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Doris Day Redux

Previously "lost" tracks surface from an underrated vocalist

In 1966, Doris Day ended her 21-year recording relationship with Columbia Records. The partnership, which began in 1945 with the massive hit “Sentimental Journey” (with Les Brown’s orchestra), generated plenty of hits-“Secret Love,” “Everybody Loves a Lover” and, of course, her signature “Que Sera Sera-and a far greater number of misses, including such clunky novelty tunes as “Rickety Rackety Rendezvous,” “Run Away, Skidaddle Skidoo” and the aptly-titled “Oops.” Along the way, Day also shaped some of the finest vocal albums of the 1950s and early ’60s, including the exquisite Duet with André Previn and the stunning bookends Day By Day and Day by Night.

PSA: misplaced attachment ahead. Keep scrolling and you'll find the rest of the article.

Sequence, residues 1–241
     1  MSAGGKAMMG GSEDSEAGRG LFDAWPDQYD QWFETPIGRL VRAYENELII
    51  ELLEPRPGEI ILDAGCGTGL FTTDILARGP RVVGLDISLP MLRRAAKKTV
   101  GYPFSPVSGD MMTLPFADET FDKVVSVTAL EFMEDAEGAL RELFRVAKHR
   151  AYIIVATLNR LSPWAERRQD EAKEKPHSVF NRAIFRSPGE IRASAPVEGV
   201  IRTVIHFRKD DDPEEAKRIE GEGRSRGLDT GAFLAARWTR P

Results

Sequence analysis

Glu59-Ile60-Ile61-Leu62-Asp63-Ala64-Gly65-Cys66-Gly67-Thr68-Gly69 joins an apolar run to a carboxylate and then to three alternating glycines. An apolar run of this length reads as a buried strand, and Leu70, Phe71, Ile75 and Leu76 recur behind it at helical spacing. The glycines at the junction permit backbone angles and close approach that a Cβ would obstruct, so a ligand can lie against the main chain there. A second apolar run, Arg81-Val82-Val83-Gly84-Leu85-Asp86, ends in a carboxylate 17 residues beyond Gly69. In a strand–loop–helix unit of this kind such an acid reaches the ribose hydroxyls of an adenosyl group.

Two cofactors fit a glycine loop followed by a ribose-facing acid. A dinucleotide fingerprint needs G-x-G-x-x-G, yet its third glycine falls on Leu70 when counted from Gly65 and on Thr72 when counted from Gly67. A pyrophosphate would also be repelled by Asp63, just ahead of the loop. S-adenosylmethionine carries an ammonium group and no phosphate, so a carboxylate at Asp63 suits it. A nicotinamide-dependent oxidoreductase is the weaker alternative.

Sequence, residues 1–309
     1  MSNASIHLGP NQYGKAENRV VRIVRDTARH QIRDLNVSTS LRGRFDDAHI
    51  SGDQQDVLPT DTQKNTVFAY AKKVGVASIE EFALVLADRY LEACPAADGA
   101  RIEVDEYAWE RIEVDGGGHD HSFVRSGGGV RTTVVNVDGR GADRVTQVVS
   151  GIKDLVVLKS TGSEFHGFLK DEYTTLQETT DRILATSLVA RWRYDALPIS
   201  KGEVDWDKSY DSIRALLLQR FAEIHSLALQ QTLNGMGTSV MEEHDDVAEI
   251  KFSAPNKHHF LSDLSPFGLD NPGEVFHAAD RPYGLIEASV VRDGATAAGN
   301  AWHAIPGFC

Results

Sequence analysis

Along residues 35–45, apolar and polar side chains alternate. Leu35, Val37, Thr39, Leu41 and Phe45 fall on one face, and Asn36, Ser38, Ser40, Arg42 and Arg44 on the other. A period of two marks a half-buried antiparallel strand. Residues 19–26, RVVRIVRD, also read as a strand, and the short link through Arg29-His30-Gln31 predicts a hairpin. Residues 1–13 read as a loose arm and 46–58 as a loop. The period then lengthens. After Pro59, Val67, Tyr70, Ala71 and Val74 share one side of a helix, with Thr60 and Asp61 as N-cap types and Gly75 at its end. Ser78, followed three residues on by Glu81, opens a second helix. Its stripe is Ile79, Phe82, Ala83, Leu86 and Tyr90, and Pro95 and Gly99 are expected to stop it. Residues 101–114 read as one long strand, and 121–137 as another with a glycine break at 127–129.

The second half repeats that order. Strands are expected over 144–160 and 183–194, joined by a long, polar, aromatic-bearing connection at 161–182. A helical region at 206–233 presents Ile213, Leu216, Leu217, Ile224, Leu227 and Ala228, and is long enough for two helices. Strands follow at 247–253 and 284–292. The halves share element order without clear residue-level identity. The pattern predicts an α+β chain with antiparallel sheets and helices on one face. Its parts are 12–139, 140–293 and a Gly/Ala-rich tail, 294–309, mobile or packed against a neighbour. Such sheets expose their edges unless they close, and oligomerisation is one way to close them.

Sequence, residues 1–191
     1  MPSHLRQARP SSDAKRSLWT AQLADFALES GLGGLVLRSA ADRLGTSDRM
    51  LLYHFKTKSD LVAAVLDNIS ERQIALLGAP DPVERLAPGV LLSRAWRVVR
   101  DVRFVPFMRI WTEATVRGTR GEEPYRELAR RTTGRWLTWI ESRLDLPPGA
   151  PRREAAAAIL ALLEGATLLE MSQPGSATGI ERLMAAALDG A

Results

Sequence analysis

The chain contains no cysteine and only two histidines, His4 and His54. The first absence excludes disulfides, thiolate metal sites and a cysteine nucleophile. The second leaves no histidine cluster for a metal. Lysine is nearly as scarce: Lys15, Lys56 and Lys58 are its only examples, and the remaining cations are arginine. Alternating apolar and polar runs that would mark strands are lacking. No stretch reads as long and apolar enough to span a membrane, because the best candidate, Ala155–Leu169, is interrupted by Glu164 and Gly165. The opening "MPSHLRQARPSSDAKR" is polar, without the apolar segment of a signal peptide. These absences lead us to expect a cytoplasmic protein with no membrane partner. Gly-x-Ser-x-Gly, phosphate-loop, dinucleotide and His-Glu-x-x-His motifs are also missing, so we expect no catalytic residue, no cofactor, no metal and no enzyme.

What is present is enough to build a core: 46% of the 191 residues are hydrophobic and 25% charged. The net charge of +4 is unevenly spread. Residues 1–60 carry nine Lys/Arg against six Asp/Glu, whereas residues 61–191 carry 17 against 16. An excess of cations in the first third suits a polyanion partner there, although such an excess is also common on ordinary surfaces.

At the time of her parting with Columbia, Day confirmed her intention to cease recording altogether, opting to quit before age took its inevitable toll on her voice. Occasionally, on her hit TV series (The Doris Day Show, which earned a decent, five-season run from 1968-73) and on a pair of TV specials, she would sing; but 1965’s Doris Day’s Sentimental Journey (a collection of World War II-era tunes), remained her final studio album.

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